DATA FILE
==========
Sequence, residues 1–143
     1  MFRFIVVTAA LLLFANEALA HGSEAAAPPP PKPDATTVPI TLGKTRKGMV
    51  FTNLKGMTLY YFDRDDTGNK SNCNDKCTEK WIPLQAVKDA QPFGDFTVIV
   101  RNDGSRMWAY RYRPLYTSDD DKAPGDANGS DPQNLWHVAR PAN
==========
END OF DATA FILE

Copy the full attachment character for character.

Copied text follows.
Sequence, residues 1–143
     1  MFRFIVVTAA LLLFANEALA HGSEAAAPPP PKPDATTVPI TLGKTRKGMV
    51  FTNLKGMTLY YFDRDDTGNK SNCNDKCTEK WIPLQAVKDA QPFGDFTVIV
   101  RNDGSRMWAY RYRPLYTSDD DKAPGDANGS DPQNLWHVAR PAN